After experiencing a car accident in Maryville, you may naturally form a mental checklist trying to determine what might have caused the other driver to hit you. Good road conditions rule out the possibility of hazardous driving circumstances, the driver not appearing to be drunk reduces the possibility of DUI, and unless the other vehicle was going noticeably fast, excessive speed may have not been a factor, either.
This can leave you considering the possibility that the driver was distracted. Yet he insists that he was not using their phone when the collision occurred. Texting or talking on the phone while driving, however, are not the only forms of driving distractions that can lead to accidents on the road.
Types of driving distractions
When you hear the term “distracted driving,” it may be easy to immediately assume that applies only to cell phone use behind the wheel. There is good reason for this assumption; much effort has gone into raising awareness on this issue. Yet distractions are less about the exact activity than the effects of that activity.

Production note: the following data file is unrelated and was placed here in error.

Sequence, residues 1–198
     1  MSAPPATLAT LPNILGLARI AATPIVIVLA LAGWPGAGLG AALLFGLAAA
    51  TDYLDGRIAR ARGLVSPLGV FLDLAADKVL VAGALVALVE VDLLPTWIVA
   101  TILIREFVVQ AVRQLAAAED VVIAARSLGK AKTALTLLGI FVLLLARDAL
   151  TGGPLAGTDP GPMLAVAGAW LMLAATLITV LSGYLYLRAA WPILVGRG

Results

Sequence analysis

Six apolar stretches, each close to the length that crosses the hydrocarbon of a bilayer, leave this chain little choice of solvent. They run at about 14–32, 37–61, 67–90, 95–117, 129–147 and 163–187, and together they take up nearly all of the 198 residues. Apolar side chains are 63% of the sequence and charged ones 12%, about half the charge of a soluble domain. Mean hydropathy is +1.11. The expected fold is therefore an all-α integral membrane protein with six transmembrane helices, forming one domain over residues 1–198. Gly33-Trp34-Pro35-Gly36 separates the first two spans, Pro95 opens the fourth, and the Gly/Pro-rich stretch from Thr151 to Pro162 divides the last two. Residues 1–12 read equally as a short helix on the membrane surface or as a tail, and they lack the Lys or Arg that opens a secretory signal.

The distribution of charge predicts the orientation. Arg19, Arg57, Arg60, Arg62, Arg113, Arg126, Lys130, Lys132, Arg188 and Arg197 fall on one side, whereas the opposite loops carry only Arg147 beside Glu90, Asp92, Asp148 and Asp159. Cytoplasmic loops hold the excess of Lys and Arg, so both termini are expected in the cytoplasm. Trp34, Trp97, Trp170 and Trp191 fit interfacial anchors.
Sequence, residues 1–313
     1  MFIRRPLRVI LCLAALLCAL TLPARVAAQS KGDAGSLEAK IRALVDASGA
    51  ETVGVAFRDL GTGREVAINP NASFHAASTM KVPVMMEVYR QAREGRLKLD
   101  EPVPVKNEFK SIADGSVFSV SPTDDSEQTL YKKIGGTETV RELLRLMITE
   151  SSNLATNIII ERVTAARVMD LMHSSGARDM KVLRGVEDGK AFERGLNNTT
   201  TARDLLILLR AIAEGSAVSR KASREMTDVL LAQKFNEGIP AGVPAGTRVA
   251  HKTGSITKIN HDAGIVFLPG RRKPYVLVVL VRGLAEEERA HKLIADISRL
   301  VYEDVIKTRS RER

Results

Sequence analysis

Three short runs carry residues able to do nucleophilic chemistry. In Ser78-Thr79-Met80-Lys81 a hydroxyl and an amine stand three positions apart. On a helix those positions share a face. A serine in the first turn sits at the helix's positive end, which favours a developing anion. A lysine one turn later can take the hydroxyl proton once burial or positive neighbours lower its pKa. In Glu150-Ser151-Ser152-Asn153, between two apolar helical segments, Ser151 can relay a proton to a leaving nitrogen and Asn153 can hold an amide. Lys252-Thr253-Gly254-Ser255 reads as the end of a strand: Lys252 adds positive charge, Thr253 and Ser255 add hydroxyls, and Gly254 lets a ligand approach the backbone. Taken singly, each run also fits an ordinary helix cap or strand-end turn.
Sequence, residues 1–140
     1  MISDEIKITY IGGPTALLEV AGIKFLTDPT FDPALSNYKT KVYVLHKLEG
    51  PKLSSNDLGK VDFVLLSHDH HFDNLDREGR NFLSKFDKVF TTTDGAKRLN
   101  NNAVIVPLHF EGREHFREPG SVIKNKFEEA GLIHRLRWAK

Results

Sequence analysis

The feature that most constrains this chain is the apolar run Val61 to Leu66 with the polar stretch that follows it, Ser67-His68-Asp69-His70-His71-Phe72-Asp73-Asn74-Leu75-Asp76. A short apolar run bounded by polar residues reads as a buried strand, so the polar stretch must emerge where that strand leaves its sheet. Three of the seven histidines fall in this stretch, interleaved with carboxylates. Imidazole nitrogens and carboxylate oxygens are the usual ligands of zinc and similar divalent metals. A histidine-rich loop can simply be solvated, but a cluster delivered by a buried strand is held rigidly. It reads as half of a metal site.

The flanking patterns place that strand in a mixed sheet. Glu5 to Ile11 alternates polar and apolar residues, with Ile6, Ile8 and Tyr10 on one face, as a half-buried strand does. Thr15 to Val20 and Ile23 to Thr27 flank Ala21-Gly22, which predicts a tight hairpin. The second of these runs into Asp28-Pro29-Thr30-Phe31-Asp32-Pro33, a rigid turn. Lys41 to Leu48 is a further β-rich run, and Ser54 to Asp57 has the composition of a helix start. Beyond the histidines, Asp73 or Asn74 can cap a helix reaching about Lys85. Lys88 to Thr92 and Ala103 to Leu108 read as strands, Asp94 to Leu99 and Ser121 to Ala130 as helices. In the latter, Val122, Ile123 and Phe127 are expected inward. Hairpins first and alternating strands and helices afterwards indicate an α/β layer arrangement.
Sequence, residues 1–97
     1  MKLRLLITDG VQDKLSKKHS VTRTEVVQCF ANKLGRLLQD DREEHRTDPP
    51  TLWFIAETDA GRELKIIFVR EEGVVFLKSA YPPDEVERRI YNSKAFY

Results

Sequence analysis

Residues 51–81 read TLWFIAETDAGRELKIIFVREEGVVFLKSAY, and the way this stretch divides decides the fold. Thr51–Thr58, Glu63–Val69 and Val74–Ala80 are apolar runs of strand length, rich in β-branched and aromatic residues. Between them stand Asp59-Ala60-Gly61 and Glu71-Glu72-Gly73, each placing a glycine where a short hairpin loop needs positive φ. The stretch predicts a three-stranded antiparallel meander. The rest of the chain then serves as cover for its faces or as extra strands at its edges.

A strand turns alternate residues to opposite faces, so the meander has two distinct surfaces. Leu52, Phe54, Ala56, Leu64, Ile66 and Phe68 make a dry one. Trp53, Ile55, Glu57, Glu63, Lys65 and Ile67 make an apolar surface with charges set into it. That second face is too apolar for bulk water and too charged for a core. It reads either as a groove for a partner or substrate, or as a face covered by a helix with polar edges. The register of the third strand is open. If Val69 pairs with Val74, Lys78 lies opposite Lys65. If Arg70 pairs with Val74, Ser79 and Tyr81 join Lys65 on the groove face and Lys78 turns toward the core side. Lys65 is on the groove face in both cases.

A joint research effort between the Auto Alliance and the American Academy of Orthopaedic Surgeons identified three major types of driving distractions:
- Visual: Actions that pull a driver’s eyes off the road
- Manual: Actions that require a driver to take at least one hand off the steering wheel
- Cognitive: Actions that draw a driver’s attention away from the road
Common forms of distractions
Viewed in this context, you can see that any number of activities can be distracting. Staring too long at road signs, talking to passengers, picking something up off the vehicle floor or a seat or even adjusting the car stereo can cause a distraction.
Another common form of driving distraction that few appreciate is eating while driving. Information compiled in a Lytx study shows that those who eat while behind the wheel may be 3.6 times more likely to be in an accident.